Up to 50% of peripubertal youth with anxiety have unmet clinical needs, leaving these youth at high risk for suicide, depression and substance abuse across adolescence. In accord with the NIMH strategic plan, we aim to deepen mechanistic understanding of anxiety during the sensitive period of peripuberty to inform novel treatments and reduce health risks. This proposal focuses on negative overgeneralization, which is a core dimension of anxiety that is poorly understood, and refers to the tendency to generalize aversive responses from one context (house fire) to other contexts (camp-fire) that share features. Amygdala activity, induced by heightened emotional arousal, enhances plasticity in associative learning mechanisms, facilitating the binding of contextual features in memory that are only loosely related. We posit that sleep plays a critical role in negative overgeneralization. Specifically, we draw from basic neuroscience to propose a model by which heightened amygdala reactivity during wakefulness, induced by increased emotional arousal, facilitates replay of negative memories during sleep. This facilitated replay leads to the stabilization and integration (consolidation) of negative memories into long-term memory networks via slow wave oscillatory events during NREM sleep. We further propose that facilitated replay of negative memories during sleep promotes generalization by influencing underlying neurocomputational mechanisms (i.e., pattern completion ? a computational process that makes neural representations similar). Finally, we propose that sleep-dependent consolidation is malleable, such that Targeted Memory Reactivation (TMR) of positive memories during sleep can competitively displace consolidation of negative memories, and reduce negative overgeneralization. The current proposal tests this model using a novel multi-method approach combining neuroimaging, polysomnography, and a memory task that captures behavioral generalization and its underlying neural mechanisms (i.e. pattern completion).
Aim 1 examines 200 peripubertal youth (ages 10-13 years) across a full continuum of anxious symptoms in a randomized sleep (n=140) versus wake (n=60) design to demonstrate sleep-dependent effects on behavioral and neural mechanisms of negative overgeneralization.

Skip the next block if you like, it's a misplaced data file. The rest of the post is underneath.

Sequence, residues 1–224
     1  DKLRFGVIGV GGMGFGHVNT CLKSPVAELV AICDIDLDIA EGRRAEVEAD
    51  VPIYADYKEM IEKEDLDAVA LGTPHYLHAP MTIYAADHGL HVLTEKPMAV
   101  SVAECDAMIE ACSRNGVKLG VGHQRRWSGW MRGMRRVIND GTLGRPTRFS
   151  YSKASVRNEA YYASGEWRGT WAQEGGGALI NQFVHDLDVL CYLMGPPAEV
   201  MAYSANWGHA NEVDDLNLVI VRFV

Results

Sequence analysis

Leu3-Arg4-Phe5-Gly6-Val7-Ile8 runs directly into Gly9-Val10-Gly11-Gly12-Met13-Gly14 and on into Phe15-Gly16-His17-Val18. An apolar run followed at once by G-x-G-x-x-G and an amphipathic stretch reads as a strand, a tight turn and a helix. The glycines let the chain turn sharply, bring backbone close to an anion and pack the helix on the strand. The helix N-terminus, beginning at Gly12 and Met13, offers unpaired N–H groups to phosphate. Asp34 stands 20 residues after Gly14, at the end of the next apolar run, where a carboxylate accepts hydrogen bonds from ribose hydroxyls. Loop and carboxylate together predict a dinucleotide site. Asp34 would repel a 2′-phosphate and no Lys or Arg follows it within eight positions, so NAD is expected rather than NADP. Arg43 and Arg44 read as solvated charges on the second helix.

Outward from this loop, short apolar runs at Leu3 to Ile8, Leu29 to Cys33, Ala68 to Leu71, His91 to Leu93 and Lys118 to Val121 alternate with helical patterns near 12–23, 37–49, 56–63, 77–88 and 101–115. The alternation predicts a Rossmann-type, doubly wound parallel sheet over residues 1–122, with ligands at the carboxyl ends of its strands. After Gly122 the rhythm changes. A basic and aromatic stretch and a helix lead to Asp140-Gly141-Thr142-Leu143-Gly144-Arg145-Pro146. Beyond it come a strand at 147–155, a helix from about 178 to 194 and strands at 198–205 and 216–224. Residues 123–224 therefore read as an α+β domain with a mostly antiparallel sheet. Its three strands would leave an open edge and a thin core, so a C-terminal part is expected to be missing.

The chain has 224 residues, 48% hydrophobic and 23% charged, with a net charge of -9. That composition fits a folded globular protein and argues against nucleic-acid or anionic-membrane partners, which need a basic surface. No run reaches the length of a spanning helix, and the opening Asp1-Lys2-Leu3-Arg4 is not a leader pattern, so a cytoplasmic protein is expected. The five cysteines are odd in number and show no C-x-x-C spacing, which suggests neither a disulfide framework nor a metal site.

Aim 2 focuses on the 140 youth in the sleep condition to evaluate amygdala reactivity at encoding and sleep neurophysiology during post-encoding sleep as mediators between anxiety and negative overgeneralization.
Aim 3 uses the same design as the sleep condition but recruits a new sample of youth with elevated anxiety (n=60) to enroll in a randomized trial in which positive memories are cued during sleep (TMR, n=30), or sham cues are presented during sleep (n=30), to examine malleability of sleep-dependent mechanisms of negative overgeneralization. This project will set the stage for the long-term goal of developing novel interventions that manipulate sleep (e.g. via TMR) not only to improve existing symptoms, but also to positively shape neurodevelopment and reduce risk in the sensitive period of peripuberty.
The current proposal focuses on anxiety in peripuberty as a high stakes health problem, and aims to deepen understanding of the symptom dimension of negative overgeneralization. We propose a model for how memory processes that are known to occur during sleep can go awry and affect neural mechanisms (pattern completion) that underlie negative overgeneralization. Support for our model would suggest that processes that occur during sleep are central to the pathophysiology of anxiety, and may lead to novel interventions that manipulate features of sleep to improve memory processing and related symptoms.